Yu Darvish has become a central figure in the Cubs’ offseason pitching pursuits, as much in our minds as in reality. He’s a big name with a big arm, and if the Cubs seriously have a shot at landing him on a reasonable deal, that’s plenty reason to be excited.
The relationship between that pursuit and the Cubs’ prior attachment to free agent Alex Cobb has always been interesting, with a number of reports suggesting what you’ve probably pieced together on your own: if Cobb is seeking a contract outside the comfort zone of the Cubs so far this offseason, there’s little reason for the Cubs not to seriously entertain going after Darvish.
Jon Heyman adds a little more information to that line of thinking, reporting that “Cobb was the natural fit, but apparently they are apart on the price. Cobb, represented by the same group, likely sees Mike Leake ($80 million, five years) as a comp and is thought to have been asking for about $20 million a year.”
When the rumors of Cobb seeking $20 million per year were circulating, I offered Leake is a comp for Cobb … but I offered as a problematic one, together with other issues with that price tag:
But there are only 13 pitchers in all of baseball making a $20 million AAV. Now, we know that the market is uneven because of team control, extensions, and arbitration, so the top 13 salaries don’t go to the top 13 pitchers, but … come on. The guys above $20 million who received those deals in free agency are Johnny Cueto, Jordan Zimmermann, Jon Lester, Max Scherzer, David Price, and Zack Greinke.
The market always moves north, but a $20 million per year ask by Cobb would be an extreme stretch.
I would have thought the most aggressive he could go with an ask would be something like Jeff Samardzija’s deal (five years, $90 million) or Mike Leake’s deal (five years, $80 million), but even those are imperfect comps, since Samardzija was healthier and more successful, and Leake was healthier and two years younger than Cobb is now. And neither of those guys were tied to draft pick compensation like Cobb is.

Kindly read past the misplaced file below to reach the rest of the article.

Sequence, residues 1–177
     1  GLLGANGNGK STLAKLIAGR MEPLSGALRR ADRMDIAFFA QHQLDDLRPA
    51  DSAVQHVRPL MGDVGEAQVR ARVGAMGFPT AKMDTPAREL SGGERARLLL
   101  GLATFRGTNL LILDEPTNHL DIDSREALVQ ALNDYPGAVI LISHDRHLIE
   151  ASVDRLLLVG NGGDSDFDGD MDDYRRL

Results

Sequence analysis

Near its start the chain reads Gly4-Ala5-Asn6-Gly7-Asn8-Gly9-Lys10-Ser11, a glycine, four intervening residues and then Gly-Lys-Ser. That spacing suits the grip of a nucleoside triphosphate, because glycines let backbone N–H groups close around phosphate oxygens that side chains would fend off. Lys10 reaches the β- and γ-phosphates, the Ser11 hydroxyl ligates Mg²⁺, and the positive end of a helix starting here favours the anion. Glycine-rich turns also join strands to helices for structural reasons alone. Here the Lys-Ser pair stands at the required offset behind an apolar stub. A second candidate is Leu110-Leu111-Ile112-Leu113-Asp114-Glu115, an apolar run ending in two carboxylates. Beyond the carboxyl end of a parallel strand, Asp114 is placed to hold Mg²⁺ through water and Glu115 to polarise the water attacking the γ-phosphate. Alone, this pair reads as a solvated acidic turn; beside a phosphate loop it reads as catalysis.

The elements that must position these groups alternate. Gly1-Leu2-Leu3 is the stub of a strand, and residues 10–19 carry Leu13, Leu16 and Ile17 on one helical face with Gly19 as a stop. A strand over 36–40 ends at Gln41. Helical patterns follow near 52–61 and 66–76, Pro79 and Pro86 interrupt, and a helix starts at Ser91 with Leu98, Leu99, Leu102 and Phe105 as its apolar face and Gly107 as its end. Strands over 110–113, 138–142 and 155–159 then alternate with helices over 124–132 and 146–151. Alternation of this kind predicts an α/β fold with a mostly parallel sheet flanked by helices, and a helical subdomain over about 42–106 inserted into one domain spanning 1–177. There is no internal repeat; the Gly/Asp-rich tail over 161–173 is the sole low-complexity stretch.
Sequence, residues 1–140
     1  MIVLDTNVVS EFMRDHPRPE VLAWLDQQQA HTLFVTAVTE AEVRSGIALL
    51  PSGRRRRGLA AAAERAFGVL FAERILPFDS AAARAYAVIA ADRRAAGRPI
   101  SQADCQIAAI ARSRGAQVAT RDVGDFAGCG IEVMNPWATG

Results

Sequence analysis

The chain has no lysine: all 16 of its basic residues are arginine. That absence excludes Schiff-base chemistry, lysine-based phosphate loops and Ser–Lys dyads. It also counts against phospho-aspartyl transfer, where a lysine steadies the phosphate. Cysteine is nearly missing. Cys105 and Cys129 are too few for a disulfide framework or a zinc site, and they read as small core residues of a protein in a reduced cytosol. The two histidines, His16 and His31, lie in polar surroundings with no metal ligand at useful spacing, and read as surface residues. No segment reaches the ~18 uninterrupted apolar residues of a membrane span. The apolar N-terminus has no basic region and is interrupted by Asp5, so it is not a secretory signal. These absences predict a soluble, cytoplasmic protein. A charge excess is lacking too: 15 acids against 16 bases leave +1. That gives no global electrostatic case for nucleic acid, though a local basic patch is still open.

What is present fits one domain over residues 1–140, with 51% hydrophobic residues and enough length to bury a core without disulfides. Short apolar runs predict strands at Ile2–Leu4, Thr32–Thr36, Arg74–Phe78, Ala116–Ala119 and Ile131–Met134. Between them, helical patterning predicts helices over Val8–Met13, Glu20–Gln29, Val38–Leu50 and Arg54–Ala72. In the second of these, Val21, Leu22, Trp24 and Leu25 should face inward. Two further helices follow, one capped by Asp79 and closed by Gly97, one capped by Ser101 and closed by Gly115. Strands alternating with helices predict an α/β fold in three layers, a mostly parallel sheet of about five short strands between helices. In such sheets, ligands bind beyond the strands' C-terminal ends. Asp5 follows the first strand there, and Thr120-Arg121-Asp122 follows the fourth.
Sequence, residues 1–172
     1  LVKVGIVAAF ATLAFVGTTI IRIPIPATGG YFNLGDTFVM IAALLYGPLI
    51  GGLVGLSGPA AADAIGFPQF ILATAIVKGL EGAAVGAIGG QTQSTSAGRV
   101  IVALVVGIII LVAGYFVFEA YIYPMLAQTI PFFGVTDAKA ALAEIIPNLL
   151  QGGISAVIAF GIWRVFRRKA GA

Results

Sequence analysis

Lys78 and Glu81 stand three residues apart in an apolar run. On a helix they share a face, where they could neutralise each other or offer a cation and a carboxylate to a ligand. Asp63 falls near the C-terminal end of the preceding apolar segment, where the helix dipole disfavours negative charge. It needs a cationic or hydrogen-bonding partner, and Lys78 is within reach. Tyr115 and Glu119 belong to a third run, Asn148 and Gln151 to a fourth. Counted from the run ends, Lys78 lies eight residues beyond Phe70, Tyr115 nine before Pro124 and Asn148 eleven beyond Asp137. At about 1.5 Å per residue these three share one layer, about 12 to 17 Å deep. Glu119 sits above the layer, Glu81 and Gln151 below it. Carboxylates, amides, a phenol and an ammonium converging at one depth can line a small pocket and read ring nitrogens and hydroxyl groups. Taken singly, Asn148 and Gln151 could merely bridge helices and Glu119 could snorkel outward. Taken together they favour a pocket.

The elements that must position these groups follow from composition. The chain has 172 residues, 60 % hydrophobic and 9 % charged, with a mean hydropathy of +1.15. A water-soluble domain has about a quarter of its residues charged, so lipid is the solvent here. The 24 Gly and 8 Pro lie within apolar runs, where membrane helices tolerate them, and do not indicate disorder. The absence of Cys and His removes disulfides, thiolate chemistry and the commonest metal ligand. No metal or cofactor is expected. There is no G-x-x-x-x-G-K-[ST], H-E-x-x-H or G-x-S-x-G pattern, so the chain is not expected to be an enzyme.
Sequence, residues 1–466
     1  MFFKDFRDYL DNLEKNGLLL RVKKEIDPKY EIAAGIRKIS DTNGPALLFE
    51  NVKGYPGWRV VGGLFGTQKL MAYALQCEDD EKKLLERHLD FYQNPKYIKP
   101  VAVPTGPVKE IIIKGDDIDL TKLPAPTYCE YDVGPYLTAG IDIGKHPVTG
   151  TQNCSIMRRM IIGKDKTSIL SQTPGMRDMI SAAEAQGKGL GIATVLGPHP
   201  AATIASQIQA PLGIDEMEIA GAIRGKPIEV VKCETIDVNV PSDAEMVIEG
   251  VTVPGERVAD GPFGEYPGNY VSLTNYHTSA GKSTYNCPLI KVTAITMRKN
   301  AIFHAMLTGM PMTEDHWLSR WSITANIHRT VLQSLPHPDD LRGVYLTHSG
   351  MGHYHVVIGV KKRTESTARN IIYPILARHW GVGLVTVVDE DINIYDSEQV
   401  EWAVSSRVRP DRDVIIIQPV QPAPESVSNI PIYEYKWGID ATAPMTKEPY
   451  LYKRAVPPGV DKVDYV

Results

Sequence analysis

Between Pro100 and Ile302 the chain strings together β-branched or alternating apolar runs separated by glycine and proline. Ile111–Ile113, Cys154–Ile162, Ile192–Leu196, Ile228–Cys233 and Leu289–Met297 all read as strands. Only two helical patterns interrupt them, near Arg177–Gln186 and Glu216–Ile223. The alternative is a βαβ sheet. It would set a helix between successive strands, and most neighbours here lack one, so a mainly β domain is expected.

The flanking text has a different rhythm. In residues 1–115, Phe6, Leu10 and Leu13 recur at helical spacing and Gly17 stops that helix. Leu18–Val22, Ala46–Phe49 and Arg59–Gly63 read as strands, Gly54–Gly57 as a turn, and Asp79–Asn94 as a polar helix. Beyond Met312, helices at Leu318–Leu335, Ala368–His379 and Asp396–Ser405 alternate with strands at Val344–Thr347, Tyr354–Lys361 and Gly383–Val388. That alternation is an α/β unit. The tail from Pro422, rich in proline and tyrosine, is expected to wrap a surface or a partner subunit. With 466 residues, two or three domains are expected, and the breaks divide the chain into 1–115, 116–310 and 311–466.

Other recent AAVs of note in free agency: Wei-Yin Chen, Scott Kazmir, and Rich Hill got $16M, Ian Kennedy got $14M, Ervin Santana got $13.75M, and Tyler Chatwood just got $12.667M from the Cubs.
So, as I said, seeking Leake’s deal, with its $16 million AAV over five years, is going to be a tough sell for Cobb (and apparently already has been). From a pure performance standpoint, it’s not as if Leake were a star heading into free agency. He’d been worth 8.8 WAR over the preceding five seasons, and was the picture of an average starting pitcher. He did have some encouraging peripherals, however, that suggested he could be a touch better (and, indeed, he has been), and he was only 28 at the time – two years younger than Cobb is now. Leake also contributed a whopping 2.0 WAR in those five seasons at the plate and on defense, a significant sum for a pitcher.
Leake was also healthy enough to take the ball 150 times in those five seasons. Again: he was an average, consistent, durable starting pitcher two years before his 30th birthday. His contract looked about right.
We’re a couple years removed from that deal, so you can budge it up a bit to account for the ever-increasing market price. Cobb, when healthy, has been a more valuable pitcher than Leake was in his typical season before free agency. But the reality is that Cobb, who is two years older than Leake was, has only one season under his belt following Tommy John surgery. The seasons that came before surgery can only tell us so much about the guy Cobb is going to be in 2018 and beyond. Moreover, to the extent peripheral statistics tell us about Cobb’s future vis a vis his results in 2017, you’d be a little nervous about him being able to repeat that 3.66 ERA, especially if he can’t get his changeup back (which he pretty much had to abandon last year).
I could certainly understand why Cobb’s camp would be pushing for a Leake-like deal this offseason, but I could certainly also understand why no team has yet been ready to go to that level.
It remains to be seen just how much Cobb and Darvish will get, but if Cobb’s price tag were five years and $80 million (plus draft pick compensation cost), while Darvish’s were five years and $120 million (no draft pick compensation cost), it would be very difficult to argue with going much harder after Darvish.